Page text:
Flake has essentially melded together three distinct critiques of the president. He condemns his intolerance and willingness to demonize minorities. He raps him for his departures from conservative policy dogma. And he argues that Trump’s temperament itself is deeply troublesome.
1) Trump is a nativist: As an immigration reform supporter, Flake naturally objected to Trump’s anti-immigration policy positions and rhetoric. But he really objected to Trump’s campaign trail proposal to ban Muslims from entering the United States. “Just when you think he can’t stoop any lower, he manages to do so,” he said in December 2015, and he opposedTrump’s actual 2017 travel ban as well.
As with many other politically involved Mormons, Flake here draws on his own experience being part of a religious minority group. “When we say ‘No Muslims’ or ‘No Mexicans,’ we may as well say ‘No Mormons.’ Because it is no different,” he writes in the book. He also warns that “extremism” akin to the old racist John Birch Society “is again ascendant in our ranks,” and says “we must condemn it, in no uncertain terms.”
And though Goldwater, Flake’s hero, famously opposed the Civil Rights Act of 1964 (“an area of rare disagreement I have with Goldwater,” Flake writes), Flake also recounts how Goldwater condemned the racist conspiracy theorists of the John Birch Society, saying, “We cannot allow the emblem of irresponsibility to attach to the conservative banner.”
2) Trump’s economic and foreign policies are insufficiently conservative: Here, Flake criticizes the president from the right for departing from conservative dogma. He mentions especially Trump’s skepticism of free trade (which Flake argues is clearly good policy), as well as Trump’s willingness to advocate for or intimidate specific companies.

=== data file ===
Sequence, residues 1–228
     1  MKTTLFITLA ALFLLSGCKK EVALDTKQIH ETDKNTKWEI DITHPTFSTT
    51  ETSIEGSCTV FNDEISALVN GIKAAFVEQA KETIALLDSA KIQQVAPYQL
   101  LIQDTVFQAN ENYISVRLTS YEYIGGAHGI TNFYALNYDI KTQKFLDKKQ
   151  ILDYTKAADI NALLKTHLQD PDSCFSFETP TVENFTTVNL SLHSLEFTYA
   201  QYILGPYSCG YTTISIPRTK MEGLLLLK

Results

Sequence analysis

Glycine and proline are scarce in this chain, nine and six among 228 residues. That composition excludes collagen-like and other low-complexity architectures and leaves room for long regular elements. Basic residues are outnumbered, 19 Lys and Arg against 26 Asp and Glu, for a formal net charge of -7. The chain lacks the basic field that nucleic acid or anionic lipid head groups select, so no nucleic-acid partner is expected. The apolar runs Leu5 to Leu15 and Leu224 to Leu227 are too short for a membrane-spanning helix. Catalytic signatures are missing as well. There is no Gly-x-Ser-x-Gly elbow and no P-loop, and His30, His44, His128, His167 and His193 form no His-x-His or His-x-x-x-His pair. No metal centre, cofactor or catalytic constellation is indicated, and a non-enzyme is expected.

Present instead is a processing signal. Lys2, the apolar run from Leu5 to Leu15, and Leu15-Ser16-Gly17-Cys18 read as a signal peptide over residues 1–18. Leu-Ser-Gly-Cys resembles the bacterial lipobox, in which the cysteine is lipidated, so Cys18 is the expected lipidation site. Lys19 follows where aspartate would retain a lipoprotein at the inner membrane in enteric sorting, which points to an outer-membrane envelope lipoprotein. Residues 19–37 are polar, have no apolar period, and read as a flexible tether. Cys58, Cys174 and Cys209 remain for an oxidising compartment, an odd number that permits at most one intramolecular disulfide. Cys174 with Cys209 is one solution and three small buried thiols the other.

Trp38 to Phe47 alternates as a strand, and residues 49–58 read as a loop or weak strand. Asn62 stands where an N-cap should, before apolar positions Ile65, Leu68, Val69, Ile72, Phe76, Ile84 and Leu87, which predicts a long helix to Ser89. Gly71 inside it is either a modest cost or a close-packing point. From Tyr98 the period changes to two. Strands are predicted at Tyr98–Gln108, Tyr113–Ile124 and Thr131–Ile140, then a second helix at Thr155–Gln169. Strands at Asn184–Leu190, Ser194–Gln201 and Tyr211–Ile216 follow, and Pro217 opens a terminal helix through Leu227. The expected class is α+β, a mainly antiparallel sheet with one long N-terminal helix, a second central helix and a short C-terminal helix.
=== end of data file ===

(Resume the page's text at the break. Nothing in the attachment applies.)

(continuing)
Meanwhile, on foreign policy, Flake argues that Trump won’t clearly stand “against oppressive authoritarian regimes around the world,” and that he doesn’t care about the US’s global leadership role. Together, these deviations are so serious, he writes, that Trump’s nomination meant the GOP had “abandoned its core principles.”
3) Trump’s temperament and behavior are seriously flawed: Finally, Flake simply objects to much of Trump’s personal and political style — his overheated rhetoric against opponents, his penchant for conspiracy theories, and his “reckless” tweeting and habit of “flying off the handle.”
Indeed, Flake opens his first full chapter with a provocative analogy to Richard Nixon’s “madman theory,” in which the president deliberately and strategically tried to convince his foreign opponents that he was irrational. “Absent strategy, we are left with no theory, just the madman,” he writes.
Flake also critiques the modern Republican Party for being too negative, destructive, and partisan:Finally, beyond all this, Flake has a larger critique of the Republican Party’s trajectory over the past couple of decades. He criticizes past party leaders like Newt Gingrich and Tom DeLay for engaging in the politics of destruction and “petty partisanship” rather than focusing on a constructive agenda.
He even makes a barely veiled critique of his own Senate leader, Mitch McConnell, referring to one of his most infamous statements without naming him: “It was we conservatives who, upon Obama’s election, stated that our number-one priority was not advancing a conservative policy agenda but making Barack Obama a one-term president,” Flake writes.